Analysis: UK’s new ‘breakthrough’ status welcome, but drug cost barriers remain
A new ‘breakthrough’ status for innovative new medicines and technologies has been announced today in the UK, with the government promising it could make products available up to four years earlier.
However while the news has been welcomed in pharma and biotech, no-one in these sectors is under any illusions that the squeeze on NHS funding of medicines is about to end.
Moreover, it is clear that £86 million in funding is a boon mainly for small start-ups in digital health, rather than big pharma companies.
The Accelerated Access Pathway (AAP) will be introduced from April 2018, and the government says a ‘comprehensive package of support’ will allow firms to accelerate clinical development and benefit from a fast-track route through the NHS’s approval processes.
The announcement has been greeted warmly by the pharma, biotech and medical devices sectors, and the fact that ex-GSK chief executive Sir Andrew Witty will spearhead the initiative gives it extra weight.
The government says the £86 million will help “innovators of all sizes to access the NHS market” and help ensure that these products get to the patients that need them.
However this funding is weighted towards helping small-to-medium sized enterprises with digital products to crack the NHS market, as there are no well-established routes in for these novel technologies.
NHS England sees these digital innovations as being far less expensive than new medicines, and potentially capable of delivering huge efficiency savings in GP surgeries and hospitals.
An existing example of this kind of digital technology is seen in the strategic deal between Drayson Technologies and a number of NHS hospitals. The firm’s wireless monitors and telehealth devices promise to cut hospital costs and admissions and improve patient outcomes – and most importantly realise ‘in year’ savings, rather than the longer-term benefits associated with many drugs.
Thus while £35 million of the total fund will go towards accelerating access for digital products, a much more modest £6 million will support medtech, diagnostics and pharmaceutical products.
A further £39m will go towards “encouraging grassroots adoption and uptake of new medical technologies” and will be led in England by the 15 regional Academic Health Science Networks. However the AHSNs tend to focus on medical devices rather than medicines, and are likely to continue on this track.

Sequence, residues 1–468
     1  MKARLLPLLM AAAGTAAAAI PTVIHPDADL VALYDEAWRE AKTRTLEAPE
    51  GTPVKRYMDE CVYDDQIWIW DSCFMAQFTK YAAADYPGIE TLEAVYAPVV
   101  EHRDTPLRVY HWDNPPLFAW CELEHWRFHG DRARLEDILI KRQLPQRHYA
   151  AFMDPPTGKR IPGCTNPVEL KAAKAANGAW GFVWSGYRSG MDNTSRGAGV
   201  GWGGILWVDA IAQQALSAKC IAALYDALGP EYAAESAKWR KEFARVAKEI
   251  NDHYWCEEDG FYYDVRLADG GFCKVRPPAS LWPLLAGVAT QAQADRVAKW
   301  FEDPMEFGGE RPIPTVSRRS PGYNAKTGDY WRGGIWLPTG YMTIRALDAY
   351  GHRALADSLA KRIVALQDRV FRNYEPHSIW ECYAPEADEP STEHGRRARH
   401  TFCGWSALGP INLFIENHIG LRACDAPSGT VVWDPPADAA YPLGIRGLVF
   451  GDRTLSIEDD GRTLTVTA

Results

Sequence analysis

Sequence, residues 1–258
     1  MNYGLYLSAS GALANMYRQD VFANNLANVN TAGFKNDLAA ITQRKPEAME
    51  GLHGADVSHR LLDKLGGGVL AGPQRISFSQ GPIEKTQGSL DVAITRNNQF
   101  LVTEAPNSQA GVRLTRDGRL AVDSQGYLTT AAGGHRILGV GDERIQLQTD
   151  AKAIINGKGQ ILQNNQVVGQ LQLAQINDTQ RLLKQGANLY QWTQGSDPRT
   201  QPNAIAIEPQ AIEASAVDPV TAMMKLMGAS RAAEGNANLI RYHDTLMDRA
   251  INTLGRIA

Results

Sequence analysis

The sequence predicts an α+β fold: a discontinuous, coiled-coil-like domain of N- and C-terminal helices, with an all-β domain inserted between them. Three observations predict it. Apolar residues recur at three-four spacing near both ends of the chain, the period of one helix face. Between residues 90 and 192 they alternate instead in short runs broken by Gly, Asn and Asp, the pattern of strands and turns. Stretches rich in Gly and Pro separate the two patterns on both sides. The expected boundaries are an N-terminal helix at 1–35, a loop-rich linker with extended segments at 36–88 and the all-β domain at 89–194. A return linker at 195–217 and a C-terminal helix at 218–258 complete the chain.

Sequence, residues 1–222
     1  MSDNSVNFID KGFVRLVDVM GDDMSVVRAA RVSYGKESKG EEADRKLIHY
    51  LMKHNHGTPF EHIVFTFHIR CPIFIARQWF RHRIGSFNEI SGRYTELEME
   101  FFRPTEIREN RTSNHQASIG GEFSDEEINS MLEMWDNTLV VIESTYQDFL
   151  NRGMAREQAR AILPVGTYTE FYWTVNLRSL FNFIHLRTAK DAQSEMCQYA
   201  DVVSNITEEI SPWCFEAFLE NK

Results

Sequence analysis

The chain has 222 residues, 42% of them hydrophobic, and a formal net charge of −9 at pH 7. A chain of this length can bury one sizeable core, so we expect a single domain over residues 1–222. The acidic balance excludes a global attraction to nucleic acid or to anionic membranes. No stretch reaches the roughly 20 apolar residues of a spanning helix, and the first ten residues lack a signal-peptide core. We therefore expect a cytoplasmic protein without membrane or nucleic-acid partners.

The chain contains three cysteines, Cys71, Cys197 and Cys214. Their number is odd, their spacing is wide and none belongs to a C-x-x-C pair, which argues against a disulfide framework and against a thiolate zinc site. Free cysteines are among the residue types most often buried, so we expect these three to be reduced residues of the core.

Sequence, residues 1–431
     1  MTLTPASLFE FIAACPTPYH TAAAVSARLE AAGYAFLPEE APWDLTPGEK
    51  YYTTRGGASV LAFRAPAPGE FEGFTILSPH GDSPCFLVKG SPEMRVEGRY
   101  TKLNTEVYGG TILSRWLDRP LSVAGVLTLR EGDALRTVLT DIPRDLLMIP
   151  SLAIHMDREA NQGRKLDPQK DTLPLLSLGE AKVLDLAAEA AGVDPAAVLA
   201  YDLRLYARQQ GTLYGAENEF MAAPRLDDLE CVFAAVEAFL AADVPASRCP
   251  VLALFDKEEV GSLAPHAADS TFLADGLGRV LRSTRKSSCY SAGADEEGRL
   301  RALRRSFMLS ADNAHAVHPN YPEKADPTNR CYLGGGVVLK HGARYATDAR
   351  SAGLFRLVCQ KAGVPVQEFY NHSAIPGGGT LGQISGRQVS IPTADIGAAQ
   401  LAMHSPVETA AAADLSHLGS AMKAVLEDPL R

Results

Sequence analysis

The final £6 million share will go to support clinicians to use new treatments and technologies in everyday practice.
NHS England still very much in charge
NHS England, which holds the purse strings for the all-important specialised medicines budget, had been reluctant to engage with the initiative – one reason for the government response to the AAR report taking over a year to arrive.
Keeping an eagle eye on costs, NHS England has insisted on adding its own checks to the AAP process. Life sciences firms will be expected to deliver additional value for the taxpayer, with a new Strategic Commercial Unit being created within NHS England to help negotiate cost effective deals with innovators.
Most important of all for pharma and biotech is that the new initiative leaves all the existing market access barriers for new drugs very much in place.
The cost effectiveness appraisals conducted by NICE are unchanged, including the new Budget Impact Test. This allows NHS England to re-open pricing negotiations with companies whose product has been approved by NICE, but could cost the NHS £20 million or more in any of its first three years on the market.
This new cost-controlling measure has been vehemently opposed by the industry association the ABPI, which recently lost a bid to mount a legal challenge against it.
The government remarks that that the selection of products for the pathway will be key, and has agreed to create a national Accelerated Access Collaborative (AAC). To be chaired by Sir Andrew, with representatives from MHRA, NICE, NHS England, NHS Improvement and Government on the committee, it will also have input from representatives from patients, industry and clinicians.
One very telling sentence has been inserted into the report: “It the [AAC] will not disrupt existing statutory accountabilities for managing the NHS budget.”
Furthermore, the government response makes no links between the AAR and its core pharma pricing agreement, the PPRS, which must be renewed or replaced in just over 12 months.
Despite these very clear caveats, this low-budget pledge to eliminate any unnecessary hold-ups in the system is clearly welcome, and could have a significant impact. At the same time, the headline pledge to accelerate access by up to four years is unlikely to apply to any pharma products.
The government says the AAP will complement existing activity, and build on existing initiatives such as NICE’s Fast Track Appraisal Process, the NICE/NHSE budget impact test, EAMS and the CDF.
If it can help link up these disparate and very distinct mechanisms, it would certainly be seen as a success.
Making a nod to this unresolved question of fragmented policy, Steve Bates, chief executive of biotech association the BIA said:
“Today’s government response to the Accelerated Access Review is a key piece in the jigsaw of UK government life sciences policy that will set the environment for our sector in the lead up to Brexit and beyond.”
Bates says the AAR fits between the recently published Life Sciences Industrial Strategy and two further potentially significant initiatives, an anticipated post-Brexit ‘Sector Deal’ and a Patient Capital Review led by the Treasury, which are both expected by the end of 2017.
Read the full government response to the Accelerated Access Review here.
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